The ampersand strikes again in TNT's latest crime procedural, "King & Maxwell," but two names in the title doesn't always mean double the quality.
Like the network's "Rizzoli & Isles" & "Franklin & Bash," the new series (9 p.m. CT June 10, TNT; 1.5 stars out of 4) will live and die on the casting—because everything else about it feels as stale and standard as week-old white bread.
Thankfully, this one stars the always-likable Jon Tenney, most recently Fitz on "The Closer" and "Major Crimes," and the always-game Rebecca Romijn from "Ugly Betty." They play Sean King and Michelle Maxwell, two failed Secret Service agents now working as private detectives in Washington, D.C. (The characters are based on those in a series of bestselling crime novels by David Baldacci.)
Tenney and Romijn make an appealing pair, even if their playful banter sounds like it came from rejected "Moonlighting" scripts. Speaking of that 1980s chestnut, it also might have inspired the will-they-or-won't-they romantic tension between the two leads. When she hops into the shower after rowing a boat to his office (they're so eccentric!), she leaves the door ajar because, well, there's supposed to be romantic tension.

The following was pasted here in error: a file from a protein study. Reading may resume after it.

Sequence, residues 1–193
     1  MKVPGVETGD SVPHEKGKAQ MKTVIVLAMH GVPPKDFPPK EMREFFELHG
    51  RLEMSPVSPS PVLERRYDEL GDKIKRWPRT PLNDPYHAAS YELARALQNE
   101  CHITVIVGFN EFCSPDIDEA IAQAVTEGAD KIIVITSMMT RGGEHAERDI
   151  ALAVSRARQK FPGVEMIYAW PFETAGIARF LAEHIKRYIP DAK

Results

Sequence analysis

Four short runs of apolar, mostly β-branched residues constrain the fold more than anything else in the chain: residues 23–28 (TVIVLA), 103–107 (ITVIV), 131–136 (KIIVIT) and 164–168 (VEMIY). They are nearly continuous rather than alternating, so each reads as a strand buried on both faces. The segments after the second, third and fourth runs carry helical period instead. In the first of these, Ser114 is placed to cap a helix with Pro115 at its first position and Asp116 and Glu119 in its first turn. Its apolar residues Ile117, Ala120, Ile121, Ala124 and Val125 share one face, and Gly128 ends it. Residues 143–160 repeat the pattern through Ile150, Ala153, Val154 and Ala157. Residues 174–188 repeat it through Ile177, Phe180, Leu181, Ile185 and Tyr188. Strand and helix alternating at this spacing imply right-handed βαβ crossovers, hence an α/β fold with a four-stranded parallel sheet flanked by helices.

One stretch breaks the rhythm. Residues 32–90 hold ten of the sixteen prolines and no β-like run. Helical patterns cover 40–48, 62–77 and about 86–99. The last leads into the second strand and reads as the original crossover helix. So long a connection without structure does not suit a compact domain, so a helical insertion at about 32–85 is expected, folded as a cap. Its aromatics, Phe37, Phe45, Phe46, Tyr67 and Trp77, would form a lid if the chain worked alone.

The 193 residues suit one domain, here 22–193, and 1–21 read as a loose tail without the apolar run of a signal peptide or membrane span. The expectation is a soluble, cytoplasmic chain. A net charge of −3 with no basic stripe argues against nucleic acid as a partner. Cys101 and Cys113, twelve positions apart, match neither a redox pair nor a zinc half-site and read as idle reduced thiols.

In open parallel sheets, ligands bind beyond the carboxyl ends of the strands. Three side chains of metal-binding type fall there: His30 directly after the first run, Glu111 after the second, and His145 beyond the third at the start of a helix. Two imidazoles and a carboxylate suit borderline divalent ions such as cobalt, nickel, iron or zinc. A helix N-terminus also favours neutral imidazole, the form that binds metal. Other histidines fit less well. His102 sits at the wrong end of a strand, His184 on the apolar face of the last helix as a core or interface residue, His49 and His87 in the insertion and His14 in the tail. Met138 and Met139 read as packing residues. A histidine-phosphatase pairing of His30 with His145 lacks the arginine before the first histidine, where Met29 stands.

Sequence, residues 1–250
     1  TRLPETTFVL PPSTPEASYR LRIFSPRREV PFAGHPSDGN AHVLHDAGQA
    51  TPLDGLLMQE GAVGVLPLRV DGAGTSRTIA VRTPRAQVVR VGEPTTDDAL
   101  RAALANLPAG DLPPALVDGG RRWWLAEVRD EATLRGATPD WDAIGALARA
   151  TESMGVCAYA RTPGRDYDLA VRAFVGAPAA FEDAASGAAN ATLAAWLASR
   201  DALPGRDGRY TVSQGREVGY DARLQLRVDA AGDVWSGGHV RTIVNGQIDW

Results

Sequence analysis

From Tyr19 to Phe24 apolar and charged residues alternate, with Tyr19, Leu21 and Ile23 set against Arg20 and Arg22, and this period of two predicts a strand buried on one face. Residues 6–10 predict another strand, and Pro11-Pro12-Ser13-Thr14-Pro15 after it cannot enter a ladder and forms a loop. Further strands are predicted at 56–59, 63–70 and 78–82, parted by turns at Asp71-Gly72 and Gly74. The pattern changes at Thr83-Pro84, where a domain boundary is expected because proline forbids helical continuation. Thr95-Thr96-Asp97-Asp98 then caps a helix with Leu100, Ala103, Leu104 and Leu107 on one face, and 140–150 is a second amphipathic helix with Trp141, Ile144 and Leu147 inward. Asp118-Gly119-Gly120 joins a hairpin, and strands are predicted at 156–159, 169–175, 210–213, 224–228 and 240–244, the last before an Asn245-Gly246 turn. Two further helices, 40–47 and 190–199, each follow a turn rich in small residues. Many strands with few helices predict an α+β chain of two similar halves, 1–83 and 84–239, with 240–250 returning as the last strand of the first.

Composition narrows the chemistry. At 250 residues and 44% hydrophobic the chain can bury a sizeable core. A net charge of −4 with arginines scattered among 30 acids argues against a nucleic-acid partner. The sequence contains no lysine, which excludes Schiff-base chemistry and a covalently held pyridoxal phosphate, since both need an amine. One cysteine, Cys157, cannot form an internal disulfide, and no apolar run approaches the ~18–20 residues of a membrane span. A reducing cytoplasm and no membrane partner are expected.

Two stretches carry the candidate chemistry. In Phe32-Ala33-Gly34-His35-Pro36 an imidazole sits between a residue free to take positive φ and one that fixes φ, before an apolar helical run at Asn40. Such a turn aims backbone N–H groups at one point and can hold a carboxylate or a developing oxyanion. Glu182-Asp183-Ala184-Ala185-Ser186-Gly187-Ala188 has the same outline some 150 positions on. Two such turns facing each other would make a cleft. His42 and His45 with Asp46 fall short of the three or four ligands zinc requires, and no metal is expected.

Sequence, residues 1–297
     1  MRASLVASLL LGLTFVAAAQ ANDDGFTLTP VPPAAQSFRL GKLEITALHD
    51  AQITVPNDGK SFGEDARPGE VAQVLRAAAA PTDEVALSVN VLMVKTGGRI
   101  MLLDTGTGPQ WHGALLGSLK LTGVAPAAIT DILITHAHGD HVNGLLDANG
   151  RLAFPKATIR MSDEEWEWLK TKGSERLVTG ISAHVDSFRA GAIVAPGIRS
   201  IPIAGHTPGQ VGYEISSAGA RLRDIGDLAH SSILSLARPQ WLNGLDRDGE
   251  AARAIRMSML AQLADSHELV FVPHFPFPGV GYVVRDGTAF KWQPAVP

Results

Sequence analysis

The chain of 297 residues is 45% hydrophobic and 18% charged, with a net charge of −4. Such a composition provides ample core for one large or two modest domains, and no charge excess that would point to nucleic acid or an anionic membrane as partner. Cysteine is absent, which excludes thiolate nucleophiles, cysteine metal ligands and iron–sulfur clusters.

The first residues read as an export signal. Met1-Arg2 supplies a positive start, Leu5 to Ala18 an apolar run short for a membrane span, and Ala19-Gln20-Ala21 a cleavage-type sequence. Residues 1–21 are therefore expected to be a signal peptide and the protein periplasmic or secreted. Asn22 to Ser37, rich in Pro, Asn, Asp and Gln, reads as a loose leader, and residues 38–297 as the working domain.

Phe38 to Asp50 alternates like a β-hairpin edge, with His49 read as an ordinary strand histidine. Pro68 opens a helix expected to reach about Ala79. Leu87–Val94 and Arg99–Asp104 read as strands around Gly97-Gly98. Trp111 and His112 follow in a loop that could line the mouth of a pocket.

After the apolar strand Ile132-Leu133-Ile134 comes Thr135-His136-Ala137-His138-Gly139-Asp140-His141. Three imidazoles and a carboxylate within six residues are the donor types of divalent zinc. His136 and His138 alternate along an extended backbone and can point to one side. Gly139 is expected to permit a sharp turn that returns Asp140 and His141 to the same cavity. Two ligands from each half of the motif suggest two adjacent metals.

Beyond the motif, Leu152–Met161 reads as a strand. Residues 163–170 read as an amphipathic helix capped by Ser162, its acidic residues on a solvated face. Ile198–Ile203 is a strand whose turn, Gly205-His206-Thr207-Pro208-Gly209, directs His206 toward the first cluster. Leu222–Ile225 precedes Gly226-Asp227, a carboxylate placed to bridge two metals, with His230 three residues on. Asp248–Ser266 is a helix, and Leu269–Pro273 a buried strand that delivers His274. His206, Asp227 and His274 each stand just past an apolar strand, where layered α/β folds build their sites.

In the premiere, King and Maxwell first chase down a man in a beaver suit driving a stolen bus before trying to solve the murder of one of his old friends, a lawyer representing an accused serial killer. The convoluted episode involves a far-fetched conspiracy, defense contracts and a predictable twist at the end.
As is almost obligatory in these situations, they butt heads with law enforcement, in this case an FBI agent (scowling Michael O'Keefe) who considers them "a couple of washed-up bullet-catchers who got retired because you screwed up."
The show has a decent balance of action and humor, as well as Ryan Hurst (Opie from "Sons of Anarchy") as a sort of savant who might be a series regular.
With all that going for it and the chemistry of its leads, "King & Maxwell" might grow into something fresher, but right now it just feels all too familiar.
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